Man must rise above the Earth
– to the top of the atmosphere and beyond –
for only thus will he fully understand
the world in which he lives.
THE GREAT COSMIC QUILT
In 1729, Isaac Newton theorized that if a cannon ball could be shot into space with just the right amount of force, it would travel all the way around the planet, falling to the power of gravity just enough to create a trajectory that matched the circumference of its orbit around Earth. Not fast enough to escape Earth’s gravity, and not slow enough to return home. In 1957, Soviet Russia launched Sputnik 1, the first man-made object to orbit Earth. This event, which obviously alarmed the U.S. and led inexorably to the space race, did not need to prove that Newton was right. His ideas were already accepted. Sputnik did something far more profound: it established that orbit could be achieved by humans. And that changed everything.
Now there are well over 1,000 functioning satellites in various orbits around the Earth. Many of these improve our lives in ways that we take for granted. Some arguably represent a threat. All of them (excluding “space junk”) have one thing in common: they provide or disseminate information, much of which we would not otherwise acquire. Our understanding of the Earth, of space, and, in many cases, of what other nations are up to, has grown exponentially since Sputnik. A map of the orbits of all of Earth’s man-made satellites resembles a cosmic quilt. It covers the whole of humanity without regard for who we are individually, and it unites us in real time in a fashion not even Socrates could have imagined. He might wonder, though, if he were here to witness the dawn of this new age, if our pursuit of wisdom can keep pace with our acquisition of knowledge. Both will be necessary if we are going to realize his dream of fully understanding the world in which we live.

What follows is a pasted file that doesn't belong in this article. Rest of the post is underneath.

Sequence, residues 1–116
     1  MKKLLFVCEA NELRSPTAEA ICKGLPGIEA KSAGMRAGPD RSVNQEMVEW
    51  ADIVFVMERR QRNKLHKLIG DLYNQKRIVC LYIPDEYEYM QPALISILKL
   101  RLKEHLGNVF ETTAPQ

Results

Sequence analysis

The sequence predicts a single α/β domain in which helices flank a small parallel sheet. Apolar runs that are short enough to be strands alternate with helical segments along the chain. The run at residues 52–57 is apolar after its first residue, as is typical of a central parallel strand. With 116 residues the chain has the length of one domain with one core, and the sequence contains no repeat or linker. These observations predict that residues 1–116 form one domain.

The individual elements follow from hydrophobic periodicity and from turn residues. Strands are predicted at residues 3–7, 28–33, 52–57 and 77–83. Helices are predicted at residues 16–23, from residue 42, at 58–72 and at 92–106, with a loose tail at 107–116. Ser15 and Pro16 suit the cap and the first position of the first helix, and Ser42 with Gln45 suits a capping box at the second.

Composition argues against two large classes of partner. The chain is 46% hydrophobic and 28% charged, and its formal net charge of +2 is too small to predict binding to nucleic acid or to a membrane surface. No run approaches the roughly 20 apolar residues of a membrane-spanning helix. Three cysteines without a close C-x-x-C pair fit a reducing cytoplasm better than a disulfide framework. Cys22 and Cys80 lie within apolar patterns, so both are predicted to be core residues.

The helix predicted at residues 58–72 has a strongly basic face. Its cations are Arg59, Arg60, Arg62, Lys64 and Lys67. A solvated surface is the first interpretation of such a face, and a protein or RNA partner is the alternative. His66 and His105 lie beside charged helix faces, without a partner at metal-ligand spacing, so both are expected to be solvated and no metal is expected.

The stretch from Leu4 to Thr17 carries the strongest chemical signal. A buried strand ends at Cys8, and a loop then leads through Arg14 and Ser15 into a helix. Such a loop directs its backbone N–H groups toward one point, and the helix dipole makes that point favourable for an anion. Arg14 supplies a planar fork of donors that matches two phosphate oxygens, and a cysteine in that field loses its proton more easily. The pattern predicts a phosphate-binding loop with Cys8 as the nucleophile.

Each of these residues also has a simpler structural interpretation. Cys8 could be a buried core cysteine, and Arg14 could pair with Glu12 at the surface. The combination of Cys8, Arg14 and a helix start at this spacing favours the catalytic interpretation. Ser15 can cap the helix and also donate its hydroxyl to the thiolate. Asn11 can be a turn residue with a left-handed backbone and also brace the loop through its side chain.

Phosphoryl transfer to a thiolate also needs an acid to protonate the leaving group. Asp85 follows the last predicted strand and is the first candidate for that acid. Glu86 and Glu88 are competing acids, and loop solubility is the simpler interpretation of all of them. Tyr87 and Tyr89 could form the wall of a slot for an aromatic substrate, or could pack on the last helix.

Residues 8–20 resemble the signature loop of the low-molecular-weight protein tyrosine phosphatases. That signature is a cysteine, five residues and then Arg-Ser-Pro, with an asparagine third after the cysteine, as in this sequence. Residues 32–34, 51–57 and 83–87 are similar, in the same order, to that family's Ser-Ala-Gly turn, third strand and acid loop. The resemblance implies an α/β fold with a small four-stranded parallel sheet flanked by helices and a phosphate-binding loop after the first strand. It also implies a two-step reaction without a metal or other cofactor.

This Tuesday, (September 20th) at the Teton County Library Auditorium at 6:00 pm GJH member and retired aerospace engineer Brent Schaffer will explain how satellites are made, how they are placed in the desired orbit, and what it all means to earth science. This is going to be a a fascinating and eye-opening lecture.